I like to make vegetable stock when I have more vegetables than I know what to do with, or something that’s getting a little long in the tooth.
I usually make 3-5 quarts at a time – once in a while a little more or even a little less.

This is my first batch where I planned for some of the vegetable scraps came from the freezer – leek greens, parsley stems, and celery tops, primarily. I’ll definitely be continuing to save these things in the freezer so I don’t need to have the full mix of vegetables on hand! Add some parsnips that I had a few too many of (I didn’t realize that was even *possible*, last year!), and some carrots, brown in the bottom of the stockpot in some oil, and then add plenty of water to make the stock. I also added a leftover cooked butternut squash half we weren’t going to eat. Transfer to the freezer and make matzoh ball soup later, or add to stews and sauces.

Simple Vegetable Broth

  • 5 carrots
  • 3-4 parsnips
  • celery greens
  • leek tops
  • parsley stems
  • any other vegetable that’s getting tired or even already cooked
  • 5 quarts of water
  • salt
  • 2 Tb oil

Brown the vegetables in the oil, letting them develop some good brown spots. Then add about 5 quarts of water and let simmer for 2 hours or so until it tastes good. Spoon broth into containers through a sieve, refrigerate, and freeze. You can reserve the parsnips and carrots to eat – they’ve given a lot of their flavor to the broth, but still have a bit and I presume a bit of nutritional value, so why throw them out?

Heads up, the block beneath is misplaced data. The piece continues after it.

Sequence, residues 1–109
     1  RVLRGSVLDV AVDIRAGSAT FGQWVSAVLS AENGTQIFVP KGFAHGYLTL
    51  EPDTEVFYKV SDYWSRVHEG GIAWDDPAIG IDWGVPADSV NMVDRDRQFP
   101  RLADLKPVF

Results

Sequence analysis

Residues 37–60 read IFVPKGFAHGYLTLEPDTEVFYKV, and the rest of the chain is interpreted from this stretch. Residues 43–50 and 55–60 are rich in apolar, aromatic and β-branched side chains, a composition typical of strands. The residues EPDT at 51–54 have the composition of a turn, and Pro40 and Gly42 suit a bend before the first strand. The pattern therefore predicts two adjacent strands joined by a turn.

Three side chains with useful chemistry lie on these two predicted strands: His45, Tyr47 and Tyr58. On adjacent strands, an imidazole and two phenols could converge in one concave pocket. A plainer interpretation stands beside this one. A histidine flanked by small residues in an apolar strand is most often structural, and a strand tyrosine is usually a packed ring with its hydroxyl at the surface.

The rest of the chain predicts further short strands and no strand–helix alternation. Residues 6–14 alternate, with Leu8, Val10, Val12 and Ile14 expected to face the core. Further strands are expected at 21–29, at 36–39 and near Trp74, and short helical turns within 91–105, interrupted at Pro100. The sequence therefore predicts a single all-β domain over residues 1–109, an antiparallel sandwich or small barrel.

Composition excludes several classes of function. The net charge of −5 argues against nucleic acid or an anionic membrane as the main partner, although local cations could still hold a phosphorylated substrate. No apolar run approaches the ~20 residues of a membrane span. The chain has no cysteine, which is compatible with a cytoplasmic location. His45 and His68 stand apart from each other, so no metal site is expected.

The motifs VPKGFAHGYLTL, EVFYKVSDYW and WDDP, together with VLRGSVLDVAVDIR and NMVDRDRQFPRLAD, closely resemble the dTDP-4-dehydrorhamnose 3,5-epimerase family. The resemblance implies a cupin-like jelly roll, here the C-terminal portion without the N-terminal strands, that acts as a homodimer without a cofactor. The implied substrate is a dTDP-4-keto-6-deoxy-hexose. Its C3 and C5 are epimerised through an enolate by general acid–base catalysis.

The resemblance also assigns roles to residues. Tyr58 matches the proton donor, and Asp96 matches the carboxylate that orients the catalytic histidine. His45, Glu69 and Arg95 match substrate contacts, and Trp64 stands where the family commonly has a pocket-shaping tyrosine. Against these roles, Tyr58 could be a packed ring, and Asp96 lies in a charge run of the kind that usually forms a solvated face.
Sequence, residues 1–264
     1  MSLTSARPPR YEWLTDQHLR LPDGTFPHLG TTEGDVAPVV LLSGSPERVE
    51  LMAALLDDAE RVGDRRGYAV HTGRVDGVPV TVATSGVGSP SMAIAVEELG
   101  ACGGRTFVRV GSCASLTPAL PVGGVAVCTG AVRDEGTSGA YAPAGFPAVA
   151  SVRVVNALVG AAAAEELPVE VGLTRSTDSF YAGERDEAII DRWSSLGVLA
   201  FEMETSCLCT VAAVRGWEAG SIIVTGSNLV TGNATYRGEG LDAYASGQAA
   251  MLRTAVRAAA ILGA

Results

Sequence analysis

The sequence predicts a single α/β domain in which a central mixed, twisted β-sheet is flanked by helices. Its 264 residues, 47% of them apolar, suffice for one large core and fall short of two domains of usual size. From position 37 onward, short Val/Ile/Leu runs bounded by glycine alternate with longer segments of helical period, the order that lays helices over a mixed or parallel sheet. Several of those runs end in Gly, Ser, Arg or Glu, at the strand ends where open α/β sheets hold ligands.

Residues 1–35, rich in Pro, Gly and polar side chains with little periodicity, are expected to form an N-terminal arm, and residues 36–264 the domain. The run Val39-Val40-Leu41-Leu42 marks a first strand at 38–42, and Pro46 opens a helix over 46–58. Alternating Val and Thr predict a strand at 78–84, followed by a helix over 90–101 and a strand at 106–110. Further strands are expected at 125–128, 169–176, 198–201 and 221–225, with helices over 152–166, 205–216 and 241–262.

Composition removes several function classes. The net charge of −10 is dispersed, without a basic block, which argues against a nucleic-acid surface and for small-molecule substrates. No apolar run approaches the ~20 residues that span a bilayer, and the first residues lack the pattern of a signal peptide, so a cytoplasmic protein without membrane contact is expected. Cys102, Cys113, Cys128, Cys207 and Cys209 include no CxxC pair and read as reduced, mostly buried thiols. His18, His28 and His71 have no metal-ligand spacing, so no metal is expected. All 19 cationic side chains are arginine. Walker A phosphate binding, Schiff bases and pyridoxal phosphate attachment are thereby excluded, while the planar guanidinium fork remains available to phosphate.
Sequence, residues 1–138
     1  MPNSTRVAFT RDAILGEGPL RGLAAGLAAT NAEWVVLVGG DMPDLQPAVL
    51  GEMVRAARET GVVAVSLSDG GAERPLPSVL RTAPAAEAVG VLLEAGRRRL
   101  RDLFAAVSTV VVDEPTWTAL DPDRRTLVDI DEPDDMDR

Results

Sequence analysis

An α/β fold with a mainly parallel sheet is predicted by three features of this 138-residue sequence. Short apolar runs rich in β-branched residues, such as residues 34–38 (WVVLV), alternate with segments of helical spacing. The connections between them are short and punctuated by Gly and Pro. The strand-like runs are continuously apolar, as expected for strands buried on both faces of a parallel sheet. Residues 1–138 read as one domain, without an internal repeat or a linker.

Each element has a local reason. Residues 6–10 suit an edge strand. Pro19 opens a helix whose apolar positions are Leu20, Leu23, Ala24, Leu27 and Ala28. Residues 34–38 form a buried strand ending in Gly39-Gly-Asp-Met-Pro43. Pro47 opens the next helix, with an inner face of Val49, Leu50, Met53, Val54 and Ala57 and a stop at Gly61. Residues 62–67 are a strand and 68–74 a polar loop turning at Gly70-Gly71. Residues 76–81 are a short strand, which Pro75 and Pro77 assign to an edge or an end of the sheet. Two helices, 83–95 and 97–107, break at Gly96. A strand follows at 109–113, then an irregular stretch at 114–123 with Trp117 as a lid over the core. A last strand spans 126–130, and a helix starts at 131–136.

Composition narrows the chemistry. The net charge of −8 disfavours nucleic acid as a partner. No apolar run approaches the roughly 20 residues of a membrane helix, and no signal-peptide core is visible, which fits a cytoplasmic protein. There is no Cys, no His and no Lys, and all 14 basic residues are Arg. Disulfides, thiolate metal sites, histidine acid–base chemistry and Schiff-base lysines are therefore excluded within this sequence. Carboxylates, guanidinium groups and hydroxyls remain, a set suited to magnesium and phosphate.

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Here, for Abbe, is my recipe for Neopolitans the way that the Aunts Gail and Thelma used to make them. I write it largely as I received it, rather than as I would write it, so pardon any eccentricity. Notes and tips from my experience will follow.

  • 1 12 oz. can of Solo Almond Filling
  • 1 c. butter, softened
  • 1 c. sugar
  • 4 egg yolks
  • 2 c. sifted flour
  • 4 egg whites
  • 20 drops of red food coloring
  • 12 drops of green food coloring
  • 1/4 c. raspberry seedless jam
  • 1/4 c. apricot jam
  • 6 oz. semisweet chocolate chips
  1. Preheat the oven to 350 degrees and line your 13×9 cake pan with parchment paper. (The Aunts used wax paper, very specifically, but I have found it made too much smoke.)
  2. Mix the first four ingredients together until fluffy.
  3. Add flour and blend.
  4. Whip the whites to soft peaks.
  5. Stir the whites into the batter.
  6. Divide the batter into thirds (1 1/2 c. each) and color one batch red and one batch green.
  7. Smooth each third into the pan and bake for 10-15 minutes.
  8. Once the individual layers are cooled, stack them with the red on the bottom, then the apricot jam, then the yellow, then the raspberry jam, then the green.
  9. Put a layer of parchment paper (or wax, if you insist) over the top and lay your heaviest book on top. Let it sit in the fridge overnight, being squashed.
  10. In the morning, melt the chip and spread them in the thin layer over the top. Cut into tiny little 45 degree diamonds using a metal ruler if you want to honor the Aunts or into tiny little squares using a pizza cutter if you’re like me.


First of all, I always double the batch and bake them in my half-sheet trays. It’s much easier and your margins of error are greater. Plus, more cookies!